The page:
Gil Walsh’s husband is a man who’s likely been hearing the words “I told you so” a lot lately.
“It was the beginning of the last recession when I said, ‘I’m not happy where I am, so I’m going to start my own interior design firm,’” Walsh recalls. Her spouse, thinking pragmatically, was against the plan, so Walsh acted on her own. “I sold my designer clothes, I melted down what jewelry I could, and I raised enough money to buy the equipment I needed to start my business,” she says.
Today, Gil Walsh Interiors has 10 employees, and business is booming. “It was a good time to start because architects, builders, and tradespeople weren’t busy, so they had time to talk to me,” Walsh says.
Walsh attributes the success she has had to a combination of hard work and her natural eye for design. “Education is critical,” including exposure to the fine arts, she says, but good designers also need to have an innate feel for their clients’ experience of the world. “We’re in the luxury business, so it’s likely that you can’t afford to live your clients’ lifestyle, but you still have to understand it. You just have to feel and sense what to do.”
Walsh originally thought she’d go into fashion design—she even studied it in college—but several courses in theater changed her direction. “Theater combined costuming with the environment in which we all live, and I concluded that I really like interiors,” Walsh says.
She began taking courses on interior design, but there was a definite learning curve. “It’s one thing to know about fashion, but to know about interior design, you have to understand scale, heights, and depths of furniture, how people live in their environments, what their walkway requirements are—that sort of thing,” Walsh says. But, her work earned her an apprenticeship at Irvin & Company in Ohio, which was then the largest design firm between Chicago and New York, and later she took on roles of increasing responsibility at two Pittsburgh firms.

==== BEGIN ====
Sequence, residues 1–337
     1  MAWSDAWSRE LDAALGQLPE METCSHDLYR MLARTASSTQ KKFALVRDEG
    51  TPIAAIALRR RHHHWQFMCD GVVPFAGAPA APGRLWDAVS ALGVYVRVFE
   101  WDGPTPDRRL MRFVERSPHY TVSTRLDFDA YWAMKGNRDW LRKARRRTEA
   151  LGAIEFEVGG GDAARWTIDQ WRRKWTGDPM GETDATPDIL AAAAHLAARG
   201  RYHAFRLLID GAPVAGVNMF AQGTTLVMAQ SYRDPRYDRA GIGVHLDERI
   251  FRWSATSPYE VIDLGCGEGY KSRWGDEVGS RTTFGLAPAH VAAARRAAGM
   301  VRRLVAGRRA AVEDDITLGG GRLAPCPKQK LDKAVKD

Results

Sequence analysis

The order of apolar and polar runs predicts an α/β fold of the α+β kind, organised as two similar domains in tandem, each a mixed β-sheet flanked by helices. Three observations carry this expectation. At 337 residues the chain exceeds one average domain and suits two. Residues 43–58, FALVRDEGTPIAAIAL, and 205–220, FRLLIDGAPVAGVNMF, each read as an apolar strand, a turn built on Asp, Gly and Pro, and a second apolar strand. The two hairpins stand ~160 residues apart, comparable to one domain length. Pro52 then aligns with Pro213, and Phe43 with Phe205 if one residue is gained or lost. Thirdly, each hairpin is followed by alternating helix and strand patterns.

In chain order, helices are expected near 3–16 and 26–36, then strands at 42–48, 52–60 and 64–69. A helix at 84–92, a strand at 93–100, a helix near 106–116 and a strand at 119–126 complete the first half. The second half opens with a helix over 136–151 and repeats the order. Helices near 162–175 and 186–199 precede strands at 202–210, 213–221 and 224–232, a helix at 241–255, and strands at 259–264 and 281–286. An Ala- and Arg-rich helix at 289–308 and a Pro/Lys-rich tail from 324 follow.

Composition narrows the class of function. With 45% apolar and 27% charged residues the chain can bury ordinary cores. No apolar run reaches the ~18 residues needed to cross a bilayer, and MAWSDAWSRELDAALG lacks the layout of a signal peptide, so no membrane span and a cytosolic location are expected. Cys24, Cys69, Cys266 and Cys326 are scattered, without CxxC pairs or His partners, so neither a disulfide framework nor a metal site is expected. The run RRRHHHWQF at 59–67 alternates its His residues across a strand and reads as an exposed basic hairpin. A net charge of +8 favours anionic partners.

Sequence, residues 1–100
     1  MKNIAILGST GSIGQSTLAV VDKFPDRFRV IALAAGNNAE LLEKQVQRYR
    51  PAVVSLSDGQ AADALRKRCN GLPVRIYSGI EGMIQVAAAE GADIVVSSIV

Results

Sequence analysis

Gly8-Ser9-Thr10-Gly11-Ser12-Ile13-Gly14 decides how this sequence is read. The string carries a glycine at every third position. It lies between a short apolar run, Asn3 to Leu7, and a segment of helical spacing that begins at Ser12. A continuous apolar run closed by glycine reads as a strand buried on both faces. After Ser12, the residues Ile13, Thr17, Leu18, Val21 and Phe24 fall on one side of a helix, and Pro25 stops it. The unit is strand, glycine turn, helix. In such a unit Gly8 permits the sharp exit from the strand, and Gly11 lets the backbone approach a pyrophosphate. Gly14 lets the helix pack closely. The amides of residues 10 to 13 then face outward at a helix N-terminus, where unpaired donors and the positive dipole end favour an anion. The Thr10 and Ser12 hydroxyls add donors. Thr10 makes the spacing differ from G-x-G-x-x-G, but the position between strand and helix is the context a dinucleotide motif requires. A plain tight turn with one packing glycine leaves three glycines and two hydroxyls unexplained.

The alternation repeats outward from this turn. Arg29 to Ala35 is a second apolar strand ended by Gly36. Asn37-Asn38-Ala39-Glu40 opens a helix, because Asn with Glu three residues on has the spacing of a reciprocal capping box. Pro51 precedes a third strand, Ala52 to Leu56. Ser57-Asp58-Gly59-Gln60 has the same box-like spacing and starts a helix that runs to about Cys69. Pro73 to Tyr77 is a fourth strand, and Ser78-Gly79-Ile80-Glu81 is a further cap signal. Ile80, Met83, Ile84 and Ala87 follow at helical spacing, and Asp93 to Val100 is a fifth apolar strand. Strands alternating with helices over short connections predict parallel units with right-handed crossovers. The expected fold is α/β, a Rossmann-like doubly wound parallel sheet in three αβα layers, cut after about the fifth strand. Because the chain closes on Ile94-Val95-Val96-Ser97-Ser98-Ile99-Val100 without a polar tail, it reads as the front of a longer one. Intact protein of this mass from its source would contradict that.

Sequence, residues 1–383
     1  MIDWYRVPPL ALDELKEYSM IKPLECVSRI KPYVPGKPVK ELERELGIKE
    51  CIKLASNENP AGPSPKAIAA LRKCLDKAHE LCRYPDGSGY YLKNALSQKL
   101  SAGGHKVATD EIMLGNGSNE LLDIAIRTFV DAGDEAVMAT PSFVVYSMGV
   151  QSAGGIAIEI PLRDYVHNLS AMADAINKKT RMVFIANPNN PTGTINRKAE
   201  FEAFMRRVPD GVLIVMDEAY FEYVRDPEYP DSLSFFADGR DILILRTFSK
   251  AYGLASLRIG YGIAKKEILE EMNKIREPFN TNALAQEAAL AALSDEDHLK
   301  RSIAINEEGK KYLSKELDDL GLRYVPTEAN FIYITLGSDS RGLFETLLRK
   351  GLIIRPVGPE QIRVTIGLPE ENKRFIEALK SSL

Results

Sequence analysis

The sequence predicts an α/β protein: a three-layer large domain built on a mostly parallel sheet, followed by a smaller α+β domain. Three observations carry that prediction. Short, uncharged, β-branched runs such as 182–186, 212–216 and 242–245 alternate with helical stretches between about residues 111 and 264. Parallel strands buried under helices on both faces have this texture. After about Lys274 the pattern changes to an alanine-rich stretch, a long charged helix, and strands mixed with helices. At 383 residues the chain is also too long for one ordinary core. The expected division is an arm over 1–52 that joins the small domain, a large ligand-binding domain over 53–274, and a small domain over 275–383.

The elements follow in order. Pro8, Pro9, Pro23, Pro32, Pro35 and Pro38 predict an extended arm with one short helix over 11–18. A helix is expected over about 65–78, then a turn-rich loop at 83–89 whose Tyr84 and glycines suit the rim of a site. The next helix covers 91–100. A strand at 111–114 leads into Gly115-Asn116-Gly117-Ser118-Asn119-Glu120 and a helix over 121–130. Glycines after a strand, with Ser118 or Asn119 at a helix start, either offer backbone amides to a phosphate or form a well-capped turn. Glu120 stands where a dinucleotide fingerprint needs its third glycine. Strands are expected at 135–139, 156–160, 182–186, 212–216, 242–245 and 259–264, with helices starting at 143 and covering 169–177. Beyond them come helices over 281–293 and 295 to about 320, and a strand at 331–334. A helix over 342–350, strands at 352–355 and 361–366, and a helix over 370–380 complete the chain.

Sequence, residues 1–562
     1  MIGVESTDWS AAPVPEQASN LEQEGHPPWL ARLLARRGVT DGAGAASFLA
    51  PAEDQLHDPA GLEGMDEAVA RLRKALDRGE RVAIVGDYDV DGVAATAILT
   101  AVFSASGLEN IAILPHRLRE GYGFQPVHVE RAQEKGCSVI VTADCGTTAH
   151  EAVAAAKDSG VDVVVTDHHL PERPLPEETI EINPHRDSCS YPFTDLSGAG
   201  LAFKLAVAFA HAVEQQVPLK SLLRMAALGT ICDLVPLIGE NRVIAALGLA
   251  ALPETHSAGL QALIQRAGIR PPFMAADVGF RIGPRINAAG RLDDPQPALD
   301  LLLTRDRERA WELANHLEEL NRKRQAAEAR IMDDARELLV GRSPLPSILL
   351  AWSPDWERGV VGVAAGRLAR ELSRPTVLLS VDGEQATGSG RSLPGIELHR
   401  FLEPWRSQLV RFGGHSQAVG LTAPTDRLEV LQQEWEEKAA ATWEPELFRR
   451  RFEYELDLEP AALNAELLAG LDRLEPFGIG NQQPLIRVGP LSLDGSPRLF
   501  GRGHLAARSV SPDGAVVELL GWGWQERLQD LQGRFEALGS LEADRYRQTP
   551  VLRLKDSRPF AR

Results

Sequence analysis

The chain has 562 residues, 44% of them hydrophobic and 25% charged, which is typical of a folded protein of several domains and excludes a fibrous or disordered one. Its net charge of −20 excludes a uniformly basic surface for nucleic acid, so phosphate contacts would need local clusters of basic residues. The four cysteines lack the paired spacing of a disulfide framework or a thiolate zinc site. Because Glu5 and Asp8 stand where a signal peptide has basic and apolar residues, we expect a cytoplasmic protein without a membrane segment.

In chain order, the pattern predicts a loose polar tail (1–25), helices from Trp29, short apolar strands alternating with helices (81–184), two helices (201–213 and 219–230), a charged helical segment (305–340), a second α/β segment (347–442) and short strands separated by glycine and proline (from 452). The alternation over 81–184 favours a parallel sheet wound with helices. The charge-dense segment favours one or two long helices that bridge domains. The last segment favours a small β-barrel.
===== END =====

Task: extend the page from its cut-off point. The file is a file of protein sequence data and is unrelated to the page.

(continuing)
The designer’s first major project was Fallingwater, a house Frank Lloyd Wright designed in 1935 in the Allegheny Mountains of rural southwestern Pennsylvania, about 40 miles from Pittsburgh. The home, built partly over a waterfall, was hailed by Time magazine as Wright’s most beautiful work, was designated as a National Historic Landmark in 1966, and was listed on Smithsonian magazine’s list of “28 Places to See Before You Die.” In 1982, Edgar Kaufmann hired Walsh to refurbish the interior. When she finished, she encouraged him to find a permanent curator, who’s still there today, ensuring the home remains intact as artisans from across the country contribute. Walsh, for her part, currently sits on the home’s advisory board, but she now lives down in Florida, where her husband wanted to retire.
It was in Florida that Walsh realized it was time for a change. “As my departments became larger, I was no longer able to touch my clients, and the joy of my work is to experience the joy of my clients,” Walsh says. When she opened her own shop, she put a greater emphasis on service, letting her clients drive the bus, so to speak, and simply helping them achieve the design and functionality they need. “My style is my clients’ style,” Walsh says. “I sit down with them and learn their style. I think that learning experience—placing yourself into your clients’ minds and bodies—is really fun because they see colors differently, they experience objects differently.”
The decision to trade her wardrobe in for a new career, as it turns out, was a good one for Walsh. “Men say their designer cars have a return on value,” she remarks, “and it turns out designer clothes do as well.”
Designing for Arnold Palmer
When golf legend Arnold Palmer and his late wife, Winnie, wanted design assistance, they hired Walsh, who worked on both their personal residences and the clubhouses of their golf clubs. The clients were a good combined catch for Walsh: Winnie reportedly loved interior design, but she gave up plans for a career in the field when, she once said, she “ran away to marry a golfer.”
Founded in 1873, Pittsburgh’s Duquesne Club has evolved from a fraternity of prominent industrialists—so-called robber barons who found success during the rise of the steel, oil, and banking industries—to one of the most sophisticated clubs in the city. It hadn’t been refurbished in years when Walsh was asked to handle the task, but that fact was actually a selling point. “All the colors had come back in vogue,” she says.